Use of night sights in hunting legalised

Asociatyvi nuotr.

The Seimas has decided to override the veto of the President of the Republic, Gitanas Nausėda, and to adopt the amendments to the Hunting Law on the use of night sights in hunting without amendments. 75 members of the Seimas voted in favour of the decision (No XIVP-3271 GR), 39 against and 10 abstained. The Committee on Rural Affairs proposed to the Seimas to override the veto of the Head of State.

On 13 December 2023, the Seimas adopted amendments to the Law on Hunting, which introduced a number of prohibited and permitted tools and equipment for hunting.

According to the adopted amendments, it was agreed to allow the use of night sights or accessories attached to optical sights for hunting deer, foxes, mongooses, me&scaron, martens, mink, nutria and muskrats in the hunting season. The hunting of other animals with night sights will be prohibited.

According to the drafters of the proposal, the limited use of night sights will contribute to a more effective enforcement of the principles of animal welfare and will allow a more effective fight against African swine fever. The re-adopted law will enter into force on 1 May 2024.

Member of the European Parliament Audrius Petrošius called to follow the long-established path taken by neighbouring and Western countries and to allow the use of technological means.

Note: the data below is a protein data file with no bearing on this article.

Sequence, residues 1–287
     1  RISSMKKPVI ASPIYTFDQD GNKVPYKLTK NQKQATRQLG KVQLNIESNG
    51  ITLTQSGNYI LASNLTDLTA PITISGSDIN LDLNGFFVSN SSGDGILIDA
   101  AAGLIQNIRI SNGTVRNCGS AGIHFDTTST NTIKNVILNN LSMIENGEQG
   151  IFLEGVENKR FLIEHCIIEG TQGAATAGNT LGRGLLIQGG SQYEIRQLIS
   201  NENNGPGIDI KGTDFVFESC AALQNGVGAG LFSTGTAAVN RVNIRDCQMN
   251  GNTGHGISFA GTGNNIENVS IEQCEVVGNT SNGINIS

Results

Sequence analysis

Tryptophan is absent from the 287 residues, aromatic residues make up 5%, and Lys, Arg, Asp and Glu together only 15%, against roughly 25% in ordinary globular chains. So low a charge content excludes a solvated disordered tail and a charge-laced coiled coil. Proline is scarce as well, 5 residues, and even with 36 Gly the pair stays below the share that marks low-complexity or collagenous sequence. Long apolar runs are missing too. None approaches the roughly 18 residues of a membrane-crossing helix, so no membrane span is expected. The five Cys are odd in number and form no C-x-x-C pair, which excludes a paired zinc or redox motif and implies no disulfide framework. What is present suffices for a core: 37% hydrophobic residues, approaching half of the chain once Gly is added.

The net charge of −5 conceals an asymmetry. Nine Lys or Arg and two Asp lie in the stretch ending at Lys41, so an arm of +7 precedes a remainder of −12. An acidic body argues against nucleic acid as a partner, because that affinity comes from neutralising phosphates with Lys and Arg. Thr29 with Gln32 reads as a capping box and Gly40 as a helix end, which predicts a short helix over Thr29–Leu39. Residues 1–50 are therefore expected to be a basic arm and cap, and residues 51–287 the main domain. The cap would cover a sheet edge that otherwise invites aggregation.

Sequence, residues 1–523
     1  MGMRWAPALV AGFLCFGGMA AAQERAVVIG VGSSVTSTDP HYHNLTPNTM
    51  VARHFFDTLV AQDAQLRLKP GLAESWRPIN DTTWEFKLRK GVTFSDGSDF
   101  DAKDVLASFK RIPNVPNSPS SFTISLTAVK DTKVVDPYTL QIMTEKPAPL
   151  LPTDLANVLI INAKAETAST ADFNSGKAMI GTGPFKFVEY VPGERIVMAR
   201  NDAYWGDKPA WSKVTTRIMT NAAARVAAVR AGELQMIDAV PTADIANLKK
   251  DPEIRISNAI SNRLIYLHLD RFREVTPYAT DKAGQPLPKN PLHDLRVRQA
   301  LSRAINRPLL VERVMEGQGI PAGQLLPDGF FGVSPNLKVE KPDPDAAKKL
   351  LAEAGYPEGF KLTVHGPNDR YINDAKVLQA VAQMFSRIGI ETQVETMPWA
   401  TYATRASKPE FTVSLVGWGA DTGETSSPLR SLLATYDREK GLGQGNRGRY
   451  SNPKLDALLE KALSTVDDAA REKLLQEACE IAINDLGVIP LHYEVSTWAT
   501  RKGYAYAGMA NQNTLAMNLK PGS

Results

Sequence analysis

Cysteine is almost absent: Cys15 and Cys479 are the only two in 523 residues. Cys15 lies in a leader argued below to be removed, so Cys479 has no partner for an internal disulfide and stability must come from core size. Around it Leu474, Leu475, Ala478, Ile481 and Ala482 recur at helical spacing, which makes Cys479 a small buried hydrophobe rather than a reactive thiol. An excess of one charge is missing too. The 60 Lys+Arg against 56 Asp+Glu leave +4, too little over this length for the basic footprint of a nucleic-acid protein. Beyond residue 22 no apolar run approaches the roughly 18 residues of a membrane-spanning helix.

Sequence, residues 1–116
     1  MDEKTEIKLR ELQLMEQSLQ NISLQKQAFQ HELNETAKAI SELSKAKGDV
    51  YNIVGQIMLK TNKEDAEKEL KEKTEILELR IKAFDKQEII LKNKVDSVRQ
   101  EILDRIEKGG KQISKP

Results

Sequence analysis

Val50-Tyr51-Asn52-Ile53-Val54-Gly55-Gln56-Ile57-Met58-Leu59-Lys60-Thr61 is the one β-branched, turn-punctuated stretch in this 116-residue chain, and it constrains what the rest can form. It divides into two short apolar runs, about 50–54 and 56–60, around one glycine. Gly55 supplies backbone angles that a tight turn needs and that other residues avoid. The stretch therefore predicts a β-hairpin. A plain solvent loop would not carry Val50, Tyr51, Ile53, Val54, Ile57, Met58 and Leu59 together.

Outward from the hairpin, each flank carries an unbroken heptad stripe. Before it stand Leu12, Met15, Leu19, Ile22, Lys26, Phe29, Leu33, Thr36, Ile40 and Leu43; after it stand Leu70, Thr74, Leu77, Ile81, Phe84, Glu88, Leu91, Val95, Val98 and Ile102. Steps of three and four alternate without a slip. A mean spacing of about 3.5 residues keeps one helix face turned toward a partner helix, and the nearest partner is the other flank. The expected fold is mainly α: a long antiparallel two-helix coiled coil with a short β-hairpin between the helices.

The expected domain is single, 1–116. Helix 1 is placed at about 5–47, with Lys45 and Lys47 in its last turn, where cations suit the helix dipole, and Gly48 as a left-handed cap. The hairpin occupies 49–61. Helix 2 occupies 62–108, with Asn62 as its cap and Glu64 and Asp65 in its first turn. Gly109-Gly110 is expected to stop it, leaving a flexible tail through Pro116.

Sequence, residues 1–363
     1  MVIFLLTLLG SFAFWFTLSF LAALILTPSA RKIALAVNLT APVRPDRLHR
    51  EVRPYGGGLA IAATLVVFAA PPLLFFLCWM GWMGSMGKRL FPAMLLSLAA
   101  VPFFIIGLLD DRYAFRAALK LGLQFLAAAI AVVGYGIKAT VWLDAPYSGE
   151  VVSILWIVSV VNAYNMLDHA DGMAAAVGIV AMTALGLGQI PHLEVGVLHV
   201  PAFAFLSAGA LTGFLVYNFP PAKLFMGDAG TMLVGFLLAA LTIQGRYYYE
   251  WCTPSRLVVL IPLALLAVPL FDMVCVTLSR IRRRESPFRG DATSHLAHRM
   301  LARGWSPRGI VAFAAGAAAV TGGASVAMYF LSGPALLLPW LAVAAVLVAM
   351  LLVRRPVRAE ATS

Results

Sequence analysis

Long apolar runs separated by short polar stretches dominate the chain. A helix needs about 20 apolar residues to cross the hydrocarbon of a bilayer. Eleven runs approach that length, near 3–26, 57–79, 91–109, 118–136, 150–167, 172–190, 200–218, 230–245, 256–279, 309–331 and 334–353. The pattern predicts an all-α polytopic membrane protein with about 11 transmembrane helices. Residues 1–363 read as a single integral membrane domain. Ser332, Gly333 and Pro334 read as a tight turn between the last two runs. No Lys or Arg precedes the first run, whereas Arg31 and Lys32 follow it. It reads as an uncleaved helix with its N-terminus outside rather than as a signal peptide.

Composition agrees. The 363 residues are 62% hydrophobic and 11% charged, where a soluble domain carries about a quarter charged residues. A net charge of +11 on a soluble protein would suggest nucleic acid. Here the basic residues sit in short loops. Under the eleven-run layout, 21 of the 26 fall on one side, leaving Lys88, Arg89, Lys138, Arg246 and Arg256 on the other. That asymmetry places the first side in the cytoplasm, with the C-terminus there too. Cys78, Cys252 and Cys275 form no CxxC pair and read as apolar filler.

Hunting is about the state's need to regulate the animal population, hunters are entrusted with the function of regulating the population, and we must provide all the tools that the community needs. Hunters are also about the ethics of hunting and about certain traditions, which are certainly not lacking here," the parliamentarian said at the parliamentary session.

The head of the šalies, who vetoed the amendments, believes that the motives for the adoption of the law are not strong enough, and the legal regulation introduced may lead to unjustified impoverishment of wildlife.

„It is possible to stop the spread of African swine fever by hunting female deer and thus reducing the size of the deer population, but the current legal framework also provides the necessary preconditions for this.

The hunting of deer is not limited either by the hunting season or by the number of deer hunted," Agnė Jakstienė, advisor to the President of the Republic, told the Seimas meeting. She also pointed out that although the use of night sights in hunting is legal in a number of European Union Member States, in most countries the use of night sights is based on an individual permit.

„The authorisation for the use of night sights provided for in the Law is formulated on the basis of a general authorisation rather than on an individual basis. That is, the šis clause, išbyšseparating the classes of animals allowed to be hunted as specified therein, does not provide for any restrictive conditions for the use of night sights, “, − noted the Adviser to the President of the Republic.

The use of hunting šguns with night sights for the purpose of protecting the country would not be an effective means of defending the country against armed attack, she argued;the use of night-sighted firearms in hunting is not identical to the use of šious means in wartime, where the targets are not wild animals, but troops, military equipment and other objects belonging to the armed forces.